That’s because, in spite of the patented ‘sound’ of their city, the real Dunedin influence on Opposite Sex comes by way of an ideology. There’s punk, of course, as usual, but the bizarro lens of Xpressway -- “the Dunedin label” -- what with its Marxist dues and DIY purism, is the heftiest inheritance thanks to how many of Opposite Sex’s peers come from this older school. (Peter Gutteridge from Snapper was a close friend; Alaistar Galbraith enjoys spinning the odd Opposite Sex record; the two Dunedin members of the Dead C are often seen at a gig). It only helped their underground reputation that certain big-name ex-members of the Fall and the Pastels wound up being big fans of this obscure New Zealand band.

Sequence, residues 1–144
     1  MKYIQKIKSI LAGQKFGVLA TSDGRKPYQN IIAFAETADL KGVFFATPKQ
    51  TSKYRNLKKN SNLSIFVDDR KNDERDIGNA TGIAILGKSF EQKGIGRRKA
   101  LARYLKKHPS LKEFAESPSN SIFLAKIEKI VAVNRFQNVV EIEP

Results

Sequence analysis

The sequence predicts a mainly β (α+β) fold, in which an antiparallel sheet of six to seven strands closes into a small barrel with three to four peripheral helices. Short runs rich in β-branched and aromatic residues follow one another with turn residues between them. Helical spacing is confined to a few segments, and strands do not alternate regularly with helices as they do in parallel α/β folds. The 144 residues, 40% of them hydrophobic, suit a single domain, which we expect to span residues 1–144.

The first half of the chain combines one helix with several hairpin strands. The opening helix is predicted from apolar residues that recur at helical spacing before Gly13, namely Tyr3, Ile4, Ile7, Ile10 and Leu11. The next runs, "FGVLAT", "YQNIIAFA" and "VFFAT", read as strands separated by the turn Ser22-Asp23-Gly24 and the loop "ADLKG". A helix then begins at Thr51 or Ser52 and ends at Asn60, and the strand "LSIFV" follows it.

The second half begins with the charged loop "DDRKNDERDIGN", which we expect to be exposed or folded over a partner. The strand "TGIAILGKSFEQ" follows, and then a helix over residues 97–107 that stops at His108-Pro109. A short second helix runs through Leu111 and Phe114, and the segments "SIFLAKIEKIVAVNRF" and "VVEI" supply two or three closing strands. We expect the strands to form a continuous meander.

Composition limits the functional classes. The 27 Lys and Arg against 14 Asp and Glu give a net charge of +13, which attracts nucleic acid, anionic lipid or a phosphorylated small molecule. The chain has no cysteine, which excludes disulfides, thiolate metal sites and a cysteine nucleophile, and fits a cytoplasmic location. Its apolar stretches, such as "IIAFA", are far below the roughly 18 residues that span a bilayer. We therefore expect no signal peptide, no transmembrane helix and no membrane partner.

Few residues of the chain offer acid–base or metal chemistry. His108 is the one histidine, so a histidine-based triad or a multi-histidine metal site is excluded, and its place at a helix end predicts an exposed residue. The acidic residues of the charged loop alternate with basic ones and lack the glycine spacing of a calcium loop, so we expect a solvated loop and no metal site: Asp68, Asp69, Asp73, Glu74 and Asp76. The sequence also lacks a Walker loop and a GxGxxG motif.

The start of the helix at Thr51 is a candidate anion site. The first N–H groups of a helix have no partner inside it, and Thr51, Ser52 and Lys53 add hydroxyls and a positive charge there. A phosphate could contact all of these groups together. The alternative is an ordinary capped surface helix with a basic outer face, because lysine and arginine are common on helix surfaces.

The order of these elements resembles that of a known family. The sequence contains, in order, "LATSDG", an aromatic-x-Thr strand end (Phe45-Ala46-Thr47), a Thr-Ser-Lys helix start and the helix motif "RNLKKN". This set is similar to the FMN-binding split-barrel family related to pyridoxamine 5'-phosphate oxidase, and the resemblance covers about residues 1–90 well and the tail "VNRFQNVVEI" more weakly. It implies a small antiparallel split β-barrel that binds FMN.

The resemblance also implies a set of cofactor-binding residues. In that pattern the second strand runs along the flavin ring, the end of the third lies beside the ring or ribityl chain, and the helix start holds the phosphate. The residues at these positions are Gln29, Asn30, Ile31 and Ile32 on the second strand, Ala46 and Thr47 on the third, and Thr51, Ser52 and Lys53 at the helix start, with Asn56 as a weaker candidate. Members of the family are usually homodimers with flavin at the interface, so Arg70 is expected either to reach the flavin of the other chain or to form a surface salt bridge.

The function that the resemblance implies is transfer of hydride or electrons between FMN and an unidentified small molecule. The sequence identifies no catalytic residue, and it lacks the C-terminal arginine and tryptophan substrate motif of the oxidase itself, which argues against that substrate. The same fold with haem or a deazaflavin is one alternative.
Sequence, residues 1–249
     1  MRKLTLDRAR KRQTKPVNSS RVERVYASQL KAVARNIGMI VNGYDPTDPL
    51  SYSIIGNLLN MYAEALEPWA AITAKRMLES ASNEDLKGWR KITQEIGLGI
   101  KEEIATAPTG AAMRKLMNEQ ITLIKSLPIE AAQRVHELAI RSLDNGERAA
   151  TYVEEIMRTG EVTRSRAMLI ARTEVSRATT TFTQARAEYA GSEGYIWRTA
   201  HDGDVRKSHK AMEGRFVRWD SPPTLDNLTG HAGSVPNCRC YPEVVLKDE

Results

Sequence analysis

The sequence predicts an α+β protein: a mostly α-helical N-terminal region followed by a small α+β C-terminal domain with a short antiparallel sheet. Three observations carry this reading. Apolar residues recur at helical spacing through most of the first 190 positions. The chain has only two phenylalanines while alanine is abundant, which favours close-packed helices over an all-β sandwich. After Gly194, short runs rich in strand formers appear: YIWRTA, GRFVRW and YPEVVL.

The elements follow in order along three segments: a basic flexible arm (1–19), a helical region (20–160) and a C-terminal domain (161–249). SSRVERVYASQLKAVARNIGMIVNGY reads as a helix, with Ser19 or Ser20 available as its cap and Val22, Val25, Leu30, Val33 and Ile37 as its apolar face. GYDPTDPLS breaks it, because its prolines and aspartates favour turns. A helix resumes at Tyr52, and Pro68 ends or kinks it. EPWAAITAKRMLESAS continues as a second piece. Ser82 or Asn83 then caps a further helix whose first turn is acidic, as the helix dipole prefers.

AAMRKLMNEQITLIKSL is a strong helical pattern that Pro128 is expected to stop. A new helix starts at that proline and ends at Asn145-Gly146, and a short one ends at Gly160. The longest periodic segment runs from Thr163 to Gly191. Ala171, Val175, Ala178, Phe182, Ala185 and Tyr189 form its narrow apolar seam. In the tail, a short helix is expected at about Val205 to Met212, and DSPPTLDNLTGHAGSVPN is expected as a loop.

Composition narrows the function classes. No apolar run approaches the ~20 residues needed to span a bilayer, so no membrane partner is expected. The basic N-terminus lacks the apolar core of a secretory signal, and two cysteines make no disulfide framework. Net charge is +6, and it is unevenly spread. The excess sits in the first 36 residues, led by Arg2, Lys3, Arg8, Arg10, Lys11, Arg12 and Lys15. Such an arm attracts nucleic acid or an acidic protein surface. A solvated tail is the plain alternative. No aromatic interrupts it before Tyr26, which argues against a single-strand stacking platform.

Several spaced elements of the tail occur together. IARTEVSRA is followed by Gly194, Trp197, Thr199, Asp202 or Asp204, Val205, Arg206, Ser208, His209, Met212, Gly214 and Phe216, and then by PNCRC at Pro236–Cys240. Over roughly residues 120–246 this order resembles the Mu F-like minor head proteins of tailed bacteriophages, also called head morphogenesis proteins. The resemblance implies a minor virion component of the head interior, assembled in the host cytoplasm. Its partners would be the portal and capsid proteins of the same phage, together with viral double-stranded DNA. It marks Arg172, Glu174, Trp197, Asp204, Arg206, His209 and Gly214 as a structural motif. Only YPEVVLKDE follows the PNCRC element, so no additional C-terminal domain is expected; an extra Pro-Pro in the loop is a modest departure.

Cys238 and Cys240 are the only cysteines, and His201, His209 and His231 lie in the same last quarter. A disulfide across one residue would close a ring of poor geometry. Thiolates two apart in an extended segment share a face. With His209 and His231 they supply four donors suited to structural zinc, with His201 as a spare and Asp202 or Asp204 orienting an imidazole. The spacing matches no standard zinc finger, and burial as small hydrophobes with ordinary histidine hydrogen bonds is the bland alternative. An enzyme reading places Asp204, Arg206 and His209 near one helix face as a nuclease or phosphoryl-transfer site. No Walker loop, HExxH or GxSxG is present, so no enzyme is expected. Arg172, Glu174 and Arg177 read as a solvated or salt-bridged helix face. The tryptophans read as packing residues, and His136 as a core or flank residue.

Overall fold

Whichever way you have ‘em -- and there are many ways to have ‘em -- Opposite Sex have already left a permanent impression within today’s younger underground generation. Besides that one fact, there aren’t many unifying features of a band so scattered, but so brilliantly chaotic, and by no means confused. But that’s just what you get from a band with so much uncontrollable inspiration, a band that’s like mashing your hands against the keyboard of existence and expecting Shakespeare to come out. Judging by HAMLET, it’s just funny when it sort of does.